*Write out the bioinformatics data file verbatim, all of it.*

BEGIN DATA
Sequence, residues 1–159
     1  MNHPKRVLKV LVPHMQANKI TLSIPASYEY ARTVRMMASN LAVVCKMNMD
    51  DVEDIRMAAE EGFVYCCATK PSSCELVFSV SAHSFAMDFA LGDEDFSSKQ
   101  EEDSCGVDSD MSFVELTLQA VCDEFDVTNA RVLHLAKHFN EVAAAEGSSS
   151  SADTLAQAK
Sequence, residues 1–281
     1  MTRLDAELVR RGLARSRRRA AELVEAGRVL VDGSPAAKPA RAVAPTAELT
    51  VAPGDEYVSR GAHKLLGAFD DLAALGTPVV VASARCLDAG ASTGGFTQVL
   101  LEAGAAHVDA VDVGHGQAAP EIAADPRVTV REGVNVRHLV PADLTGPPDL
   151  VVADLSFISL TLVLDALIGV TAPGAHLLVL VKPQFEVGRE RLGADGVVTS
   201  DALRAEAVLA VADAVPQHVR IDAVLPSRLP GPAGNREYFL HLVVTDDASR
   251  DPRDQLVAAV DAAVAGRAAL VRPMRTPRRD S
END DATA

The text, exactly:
Sequence, residues 1–159
     1  MNHPKRVLKV LVPHMQANKI TLSIPASYEY ARTVRMMASN LAVVCKMNMD
    51  DVEDIRMAAE EGFVYCCATK PSSCELVFSV SAHSFAMDFA LGDEDFSSKQ
   101  EEDSCGVDSD MSFVELTLQA VCDEFDVTNA RVLHLAKHFN EVAAAEGSSS
   151  SADTLAQAK
Sequence, residues 1–281
     1  MTRLDAELVR RGLARSRRRA AELVEAGRVL VDGSPAAKPA RAVAPTAELT
    51  VAPGDEYVSR GAHKLLGAFD DLAALGTPVV VASARCLDAG ASTGGFTQVL
   101  LEAGAAHVDA VDVGHGQAAP EIAADPRVTV REGVNVRHLV PADLTGPPDL
   151  VVADLSFISL TLVLDALIGV TAPGAHLLVL VKPQFEVGRE RLGADGVVTS
   201  DALRAEAVLA VADAVPQHVR IDAVLPSRLP GPAGNREYFL HLVVTDDASR
   251  DPRDQLVAAV DAAVAGRAAL VRPMRTPRRD S